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[wg-b] coca cola
Way back in the seventies I was traveling the wide world and I drank coca
cola in every country I visited. It was familiar and a reminder of home. I
bought a coke somewhere in the Grand Duchy of Fenwick* and it turned out
not to be a coke. It was brown sweetened water of some kind. I didn't buy
any more cokes in the GDF. If all the tourists decided not to drink coke in
the Grand Duchy that probably wouldn't be a good thing for the economy.
The Internet should not be a third world country. The Internet should
protect its citizens as much as possible from fraud and misrepresentation.
Like it or not, people relate to brands for various and sundry reasons. If
they get "misleadingly directed" from NASA to a porn site it's bad for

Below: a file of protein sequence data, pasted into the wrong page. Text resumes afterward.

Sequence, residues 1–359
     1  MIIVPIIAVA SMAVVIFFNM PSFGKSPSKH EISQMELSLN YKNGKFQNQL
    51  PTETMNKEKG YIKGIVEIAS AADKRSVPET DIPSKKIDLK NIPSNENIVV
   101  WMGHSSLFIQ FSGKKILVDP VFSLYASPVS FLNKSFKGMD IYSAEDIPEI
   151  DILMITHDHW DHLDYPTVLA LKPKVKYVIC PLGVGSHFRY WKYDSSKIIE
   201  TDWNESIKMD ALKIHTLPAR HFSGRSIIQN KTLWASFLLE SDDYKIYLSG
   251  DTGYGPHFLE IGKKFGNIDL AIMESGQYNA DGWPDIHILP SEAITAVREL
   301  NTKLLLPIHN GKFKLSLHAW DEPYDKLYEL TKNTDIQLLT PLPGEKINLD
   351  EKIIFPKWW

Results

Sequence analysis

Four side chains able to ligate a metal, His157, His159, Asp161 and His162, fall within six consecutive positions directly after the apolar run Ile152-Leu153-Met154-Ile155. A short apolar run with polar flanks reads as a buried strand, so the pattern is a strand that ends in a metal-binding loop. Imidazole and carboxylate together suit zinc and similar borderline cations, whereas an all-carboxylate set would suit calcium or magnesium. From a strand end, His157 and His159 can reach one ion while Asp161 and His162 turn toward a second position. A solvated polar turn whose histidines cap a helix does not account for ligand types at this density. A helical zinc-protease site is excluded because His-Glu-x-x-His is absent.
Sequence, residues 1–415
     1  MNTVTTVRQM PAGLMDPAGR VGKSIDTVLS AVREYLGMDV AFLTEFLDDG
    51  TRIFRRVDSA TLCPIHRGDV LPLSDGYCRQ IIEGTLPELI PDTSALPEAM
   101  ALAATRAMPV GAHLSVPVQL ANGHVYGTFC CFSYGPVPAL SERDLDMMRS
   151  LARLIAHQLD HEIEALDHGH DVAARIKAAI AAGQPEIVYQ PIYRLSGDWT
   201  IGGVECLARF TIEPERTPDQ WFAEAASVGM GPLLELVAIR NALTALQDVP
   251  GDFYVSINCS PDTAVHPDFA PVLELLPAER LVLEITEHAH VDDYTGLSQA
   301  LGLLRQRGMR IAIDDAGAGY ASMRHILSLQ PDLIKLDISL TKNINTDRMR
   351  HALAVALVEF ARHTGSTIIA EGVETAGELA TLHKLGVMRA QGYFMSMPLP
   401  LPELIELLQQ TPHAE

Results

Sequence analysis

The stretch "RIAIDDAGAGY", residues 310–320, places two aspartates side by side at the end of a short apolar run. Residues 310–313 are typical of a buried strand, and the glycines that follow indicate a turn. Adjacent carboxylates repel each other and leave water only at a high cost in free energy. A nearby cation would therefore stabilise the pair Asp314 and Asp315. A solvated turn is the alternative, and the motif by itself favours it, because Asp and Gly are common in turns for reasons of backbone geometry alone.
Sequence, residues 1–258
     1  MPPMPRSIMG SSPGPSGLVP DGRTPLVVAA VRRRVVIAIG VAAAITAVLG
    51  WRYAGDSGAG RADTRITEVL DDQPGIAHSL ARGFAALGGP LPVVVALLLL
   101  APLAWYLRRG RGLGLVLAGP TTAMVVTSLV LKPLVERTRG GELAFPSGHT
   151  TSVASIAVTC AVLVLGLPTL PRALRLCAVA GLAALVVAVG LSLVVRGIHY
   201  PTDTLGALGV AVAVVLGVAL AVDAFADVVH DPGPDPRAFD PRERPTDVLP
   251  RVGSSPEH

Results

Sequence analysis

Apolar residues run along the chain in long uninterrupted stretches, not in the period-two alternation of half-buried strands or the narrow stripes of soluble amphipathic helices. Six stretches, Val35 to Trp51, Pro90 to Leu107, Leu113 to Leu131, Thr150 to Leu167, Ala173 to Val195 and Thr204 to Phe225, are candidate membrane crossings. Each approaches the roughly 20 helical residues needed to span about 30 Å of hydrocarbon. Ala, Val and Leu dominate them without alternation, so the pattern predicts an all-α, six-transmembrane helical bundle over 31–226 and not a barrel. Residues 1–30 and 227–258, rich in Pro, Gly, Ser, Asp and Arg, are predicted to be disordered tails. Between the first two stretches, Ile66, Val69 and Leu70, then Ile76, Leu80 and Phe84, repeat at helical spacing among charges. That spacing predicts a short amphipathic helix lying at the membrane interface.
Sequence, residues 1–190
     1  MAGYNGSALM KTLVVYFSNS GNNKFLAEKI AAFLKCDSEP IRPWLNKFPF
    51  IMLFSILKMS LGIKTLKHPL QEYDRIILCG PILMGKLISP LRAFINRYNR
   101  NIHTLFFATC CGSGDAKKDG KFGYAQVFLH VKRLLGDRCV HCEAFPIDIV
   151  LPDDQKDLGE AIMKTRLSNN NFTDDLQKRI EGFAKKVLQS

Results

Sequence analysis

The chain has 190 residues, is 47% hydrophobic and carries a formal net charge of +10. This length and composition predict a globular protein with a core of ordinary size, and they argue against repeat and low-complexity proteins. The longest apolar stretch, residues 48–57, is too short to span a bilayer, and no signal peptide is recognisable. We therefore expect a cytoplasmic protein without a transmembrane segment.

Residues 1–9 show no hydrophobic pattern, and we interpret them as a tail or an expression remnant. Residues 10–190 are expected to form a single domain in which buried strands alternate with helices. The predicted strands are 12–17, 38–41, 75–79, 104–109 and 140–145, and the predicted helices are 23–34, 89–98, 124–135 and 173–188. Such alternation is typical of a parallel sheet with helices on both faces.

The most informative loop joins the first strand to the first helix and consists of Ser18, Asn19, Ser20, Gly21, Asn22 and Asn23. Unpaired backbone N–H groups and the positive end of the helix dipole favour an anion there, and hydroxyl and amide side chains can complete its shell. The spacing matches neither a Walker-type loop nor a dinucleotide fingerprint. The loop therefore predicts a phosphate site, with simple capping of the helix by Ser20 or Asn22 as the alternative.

everybody--not just NASA.
"Setting up mechanisms to protect the rights mark holders already have" is
a good perspective.
*The Grand Duchy of Fenwick is the mythical country in "A Mouse that Roared."
At 08:41 AM 9/3/99 +0200, you wrote:
>At 17:16 02.09.99 -0700, Randy Bush wrote:
>>to me, a lay person, the idea of protecting 'famous' names seems utterly
>>unfounded. could someone please explain why the internet should be offering
>>protections to coca cola which go beyond what they currently have in the
>Famous marks are protected by the Paris convention and the TRIPS agrement;
>international law recognizes them, so it's a question of setting up
>mechanisms to protect the rights they already have.
>However, in the absence of any ruling by any legal body anywhere that a
>certain trademark is "internationally famous", I think it's preposterous
>that ICANN or any body associated with it should take on the role of
>deciding, FOR THE FIRST TIME IN HISTORY, whether a trademark is
>"internationally famous" or not.
>I think we have an *excellent* excuse for delay and inaction on this issue,
>and that ICANN should grab that excuse eagerly.
>Harald Tveit Alvestrand, Maxware, Norway